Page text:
Split decisions with carefully parsed nuances send hopes and money into this abyss. It must be noted that each individual caught in this web has children, parents, brothers and sisters who love them and are also disillusioned, confounded, and perhaps bitter about resources expended on a system that is so confounding yet has the power to take away the future of so many families.

How did we become so fearful of freedom that we have insisted on laws that criminalize so much human behavior and even thought? We now routinely convict people of crimes that never took place, in places the defendant has never been, with people they do not know and incidentally, the criminal act was instigated by law enforcement. The rest of the world disdains us and developing countries reject our rule of law. We investigate people who have not broken the law to prevent lawlessness. Our law enforcement is becoming lawless. Our rule of law is too voluminous and therefore arbitrary. Even the language, War on Crime, belies the rule of law. Our justice system uses the metaphors of war, and the object is the citizens whose part of the covenant is to give consent.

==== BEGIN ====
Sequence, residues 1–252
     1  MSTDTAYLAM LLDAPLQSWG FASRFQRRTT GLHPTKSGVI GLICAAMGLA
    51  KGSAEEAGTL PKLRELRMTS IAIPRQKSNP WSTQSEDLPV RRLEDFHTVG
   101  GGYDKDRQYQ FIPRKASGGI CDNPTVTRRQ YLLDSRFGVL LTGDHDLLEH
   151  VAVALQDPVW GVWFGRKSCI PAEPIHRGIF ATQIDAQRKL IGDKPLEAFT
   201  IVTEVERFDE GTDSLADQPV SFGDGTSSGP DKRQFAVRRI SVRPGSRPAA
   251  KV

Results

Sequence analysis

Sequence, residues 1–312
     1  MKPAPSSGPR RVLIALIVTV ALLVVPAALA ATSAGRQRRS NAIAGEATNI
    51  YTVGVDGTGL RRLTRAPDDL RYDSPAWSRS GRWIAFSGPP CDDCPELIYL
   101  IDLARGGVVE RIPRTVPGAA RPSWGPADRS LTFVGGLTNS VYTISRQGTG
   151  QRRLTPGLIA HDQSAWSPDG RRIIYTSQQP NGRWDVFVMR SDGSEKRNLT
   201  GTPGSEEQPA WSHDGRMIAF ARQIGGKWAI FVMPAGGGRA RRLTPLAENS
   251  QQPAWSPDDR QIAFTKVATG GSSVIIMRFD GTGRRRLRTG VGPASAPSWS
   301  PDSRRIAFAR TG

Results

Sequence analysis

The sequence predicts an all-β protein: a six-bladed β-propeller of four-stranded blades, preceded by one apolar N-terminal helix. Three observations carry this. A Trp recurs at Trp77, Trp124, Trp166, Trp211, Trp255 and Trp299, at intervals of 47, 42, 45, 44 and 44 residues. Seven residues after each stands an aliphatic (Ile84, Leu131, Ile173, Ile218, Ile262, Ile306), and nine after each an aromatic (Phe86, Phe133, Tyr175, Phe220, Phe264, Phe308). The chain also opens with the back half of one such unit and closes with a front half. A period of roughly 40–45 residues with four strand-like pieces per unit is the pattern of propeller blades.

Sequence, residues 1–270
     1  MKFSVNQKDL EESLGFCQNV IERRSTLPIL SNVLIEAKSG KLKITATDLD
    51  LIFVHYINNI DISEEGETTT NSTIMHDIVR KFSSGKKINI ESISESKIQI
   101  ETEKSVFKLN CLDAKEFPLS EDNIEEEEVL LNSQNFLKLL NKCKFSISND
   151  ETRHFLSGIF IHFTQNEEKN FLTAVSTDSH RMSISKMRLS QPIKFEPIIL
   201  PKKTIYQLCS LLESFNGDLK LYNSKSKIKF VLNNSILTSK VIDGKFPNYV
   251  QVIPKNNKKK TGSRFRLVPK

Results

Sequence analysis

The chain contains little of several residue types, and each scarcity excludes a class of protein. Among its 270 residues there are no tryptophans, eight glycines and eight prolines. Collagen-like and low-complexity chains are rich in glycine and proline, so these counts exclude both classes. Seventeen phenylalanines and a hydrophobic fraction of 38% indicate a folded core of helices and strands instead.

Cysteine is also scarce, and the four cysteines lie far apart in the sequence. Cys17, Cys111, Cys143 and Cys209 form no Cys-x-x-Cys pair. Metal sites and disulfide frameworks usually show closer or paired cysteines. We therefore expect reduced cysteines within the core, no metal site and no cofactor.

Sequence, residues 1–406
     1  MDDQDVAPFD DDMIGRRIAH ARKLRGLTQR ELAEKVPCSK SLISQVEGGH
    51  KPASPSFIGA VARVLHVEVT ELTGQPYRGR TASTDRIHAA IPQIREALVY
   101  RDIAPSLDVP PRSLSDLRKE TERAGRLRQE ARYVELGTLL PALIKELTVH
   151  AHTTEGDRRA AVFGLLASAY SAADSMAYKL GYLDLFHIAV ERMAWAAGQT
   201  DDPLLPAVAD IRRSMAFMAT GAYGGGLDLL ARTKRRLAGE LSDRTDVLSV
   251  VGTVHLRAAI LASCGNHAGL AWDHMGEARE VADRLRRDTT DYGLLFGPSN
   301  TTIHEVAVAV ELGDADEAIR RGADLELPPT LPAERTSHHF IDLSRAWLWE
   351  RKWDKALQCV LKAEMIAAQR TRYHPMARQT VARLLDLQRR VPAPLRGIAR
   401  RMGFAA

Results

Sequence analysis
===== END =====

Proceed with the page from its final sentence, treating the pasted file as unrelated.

Brilliant trial and appellate attorneys arguing cases and judges deciding them are thrilling to read and even more so to watch. Their memory and critical thought is as sharp and shining as a mirror shattering. To me it is also as frightening as it would be to walk bare foot across the broken glass.

As I watch Justice Bryer and Justice Scalia have conversations about decisions and interpretations, I long for something more absolute. Something more absolute would be language that is clear, simple and true. How can a man's life and liberty depend on nuances culled from thousands and thousands of pages of case law with the reasonable possibility of a single sentence or concept on one of those pages becoming determinative. Too much law turns "Rule of Law" into rule of men.

What would Aristotle think of our rule of law? What would our founding fathers see? We have constant imposition and enforcement of arbitrary and restrictive values imposed on us by an over active legislative branch. These are interpreted and judged by a judiciary system that seems to be will aware of the fact that the governed can no longer know the rules of the covenant they are part of. I just fear for our freedoms.

I know there is logic and order in the process, but the sheer magnitude and complexity of the possibilities invites subjectivity.